“The objectification we put women through is absurd and disgusting”: Jennifer Aniston slams pregnancy speculation in powerful sexism essay

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Moya Crockett
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“For the record, I am not pregnant. What I am is fed up.”

Jennifer Aniston has finally had enough. In a scathing online op-ed published on Tuesday, the actress directly addressed tabloid speculation about her personal life – arguing powerfully that the way famous women are treated by the media reflects a wider culture of sexism.

“If I am some kind of symbol to some people out there, then clearly I am an example of the lens through which we, as a society, view our mothers, daughters, sisters, wives, female friends and colleagues,” she wrote, in the essay for The Huffington Post. “The objectification and scrutiny we put women through is absurd and disturbing. The way I am portrayed by the media is simply a reflection of how we see and portray women in general, measured against some warped standard of beauty.”

Aniston, 47, has been a tabloid fixture since she first appeared in Friends in 1994, and said that she used to resist taking celebrity gossip seriously. However, she said that she could no longer take this stance after enduring years of pregnancy speculation pegged off her relationship status or her body.

“The reality,” she wrote, “is the stalking and objectification I’ve experienced first-hand, going on decades now, reflects the warped way we calculate a woman’s worth.”

Few other celebrities have had their child-free status scrutinised like Aniston. In June, the actress endured what she refers to as “the bajillionth” round of pregnancy rumours, after being photographed in a bikini on the beach in the Bahamas. (Her publicist dismissed the speculation at the time, saying that Aniston had simply enjoyed “a delicious big lunch”.)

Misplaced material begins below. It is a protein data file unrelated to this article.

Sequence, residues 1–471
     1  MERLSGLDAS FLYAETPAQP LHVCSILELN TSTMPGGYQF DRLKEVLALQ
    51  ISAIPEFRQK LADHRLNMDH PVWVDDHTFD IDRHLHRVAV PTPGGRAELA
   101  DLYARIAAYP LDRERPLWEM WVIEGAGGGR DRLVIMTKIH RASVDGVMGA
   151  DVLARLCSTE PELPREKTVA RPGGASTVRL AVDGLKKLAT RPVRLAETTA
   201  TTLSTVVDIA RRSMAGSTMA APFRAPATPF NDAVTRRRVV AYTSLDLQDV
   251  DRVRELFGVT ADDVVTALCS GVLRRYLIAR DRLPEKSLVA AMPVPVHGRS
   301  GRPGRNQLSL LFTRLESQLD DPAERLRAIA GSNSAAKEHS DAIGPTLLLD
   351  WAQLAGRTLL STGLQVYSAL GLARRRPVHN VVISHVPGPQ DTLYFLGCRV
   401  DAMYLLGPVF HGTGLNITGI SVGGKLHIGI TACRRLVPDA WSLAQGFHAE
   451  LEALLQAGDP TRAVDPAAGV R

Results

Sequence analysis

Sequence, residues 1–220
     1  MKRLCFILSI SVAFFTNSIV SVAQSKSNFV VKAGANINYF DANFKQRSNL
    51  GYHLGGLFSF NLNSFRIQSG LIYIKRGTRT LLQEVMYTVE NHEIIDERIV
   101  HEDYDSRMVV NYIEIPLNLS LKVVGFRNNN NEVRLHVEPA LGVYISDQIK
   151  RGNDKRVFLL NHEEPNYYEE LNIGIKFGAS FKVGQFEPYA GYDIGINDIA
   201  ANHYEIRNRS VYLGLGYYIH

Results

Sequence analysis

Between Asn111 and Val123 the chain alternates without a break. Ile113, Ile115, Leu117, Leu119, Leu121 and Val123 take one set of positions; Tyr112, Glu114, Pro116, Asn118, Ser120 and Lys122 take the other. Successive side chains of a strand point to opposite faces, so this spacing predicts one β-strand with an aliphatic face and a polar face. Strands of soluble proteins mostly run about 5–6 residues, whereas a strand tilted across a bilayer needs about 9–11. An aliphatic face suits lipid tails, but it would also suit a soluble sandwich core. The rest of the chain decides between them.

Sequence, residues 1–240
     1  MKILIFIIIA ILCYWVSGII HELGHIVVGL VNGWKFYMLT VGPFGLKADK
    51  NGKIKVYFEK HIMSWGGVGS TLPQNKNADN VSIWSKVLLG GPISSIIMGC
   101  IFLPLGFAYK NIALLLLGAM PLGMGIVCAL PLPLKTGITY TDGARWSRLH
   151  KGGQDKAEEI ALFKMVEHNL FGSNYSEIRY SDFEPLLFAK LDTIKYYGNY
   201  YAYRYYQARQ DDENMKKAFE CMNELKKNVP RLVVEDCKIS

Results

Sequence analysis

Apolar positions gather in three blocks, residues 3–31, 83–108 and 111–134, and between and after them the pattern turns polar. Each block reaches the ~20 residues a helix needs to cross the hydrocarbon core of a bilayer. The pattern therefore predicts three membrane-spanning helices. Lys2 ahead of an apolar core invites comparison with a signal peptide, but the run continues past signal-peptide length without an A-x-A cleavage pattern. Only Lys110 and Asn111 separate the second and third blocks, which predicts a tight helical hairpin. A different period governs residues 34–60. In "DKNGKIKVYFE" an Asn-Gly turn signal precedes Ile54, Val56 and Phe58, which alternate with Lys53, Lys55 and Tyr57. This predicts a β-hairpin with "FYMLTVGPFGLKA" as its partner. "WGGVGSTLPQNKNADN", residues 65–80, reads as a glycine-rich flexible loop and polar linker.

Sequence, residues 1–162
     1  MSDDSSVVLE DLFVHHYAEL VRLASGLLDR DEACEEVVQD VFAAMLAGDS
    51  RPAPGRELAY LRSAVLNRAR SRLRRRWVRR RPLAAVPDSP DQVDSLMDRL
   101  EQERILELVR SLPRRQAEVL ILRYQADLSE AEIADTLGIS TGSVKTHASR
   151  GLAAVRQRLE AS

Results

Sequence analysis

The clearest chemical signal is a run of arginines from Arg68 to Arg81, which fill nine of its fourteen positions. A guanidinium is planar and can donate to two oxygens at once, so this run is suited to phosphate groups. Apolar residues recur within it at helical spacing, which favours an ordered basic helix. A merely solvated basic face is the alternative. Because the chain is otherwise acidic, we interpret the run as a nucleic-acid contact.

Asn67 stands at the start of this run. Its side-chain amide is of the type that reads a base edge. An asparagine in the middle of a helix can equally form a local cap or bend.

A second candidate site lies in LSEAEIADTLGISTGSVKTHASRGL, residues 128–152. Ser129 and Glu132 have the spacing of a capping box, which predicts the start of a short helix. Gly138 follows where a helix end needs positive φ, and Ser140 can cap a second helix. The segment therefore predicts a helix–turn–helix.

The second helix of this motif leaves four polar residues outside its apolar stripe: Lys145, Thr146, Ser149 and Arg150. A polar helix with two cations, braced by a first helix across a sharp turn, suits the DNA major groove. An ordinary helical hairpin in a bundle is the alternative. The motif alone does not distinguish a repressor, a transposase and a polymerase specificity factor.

This sort of tabloid gossip, Aniston says, perpetuates a “dehumanizing view of females, focused solely on one’s physical appearance… Is she pregnant? Is she eating too much? Has she let herself go?” She was concerned, she wrote, about the impact it would have on young girls to see famous women’s bodies picked apart in this way – as well as the implicit suggestion that as a woman, being pregnant is the ultimate goal.

“Yes, I may become a mother some day,” she wrote. “But I’m not in pursuit of motherhood because I feel incomplete in some way, as our celebrity news culture would lead us all to believe. I resent being made to feel ‘less than’ because my body is changing and/or I had a burger for lunch and was photographed from a weird angle and therefore deemed one of two things: ‘pregnant’ or ‘fat.’”

She concluded:

“Here’s where I come out on this topic: we are complete with or without a mate, with or without a child. We get to decide for ourselves what is beautiful when it comes to our bodies. That decision is ours and ours alone… We don’t need to be married or mothers to be complete. We get to determine our own ‘happily ever after’ for ourselves.”

You can’t say better than that. Jennifer: we salute you.


The full essay can be found at

Images: Rex Features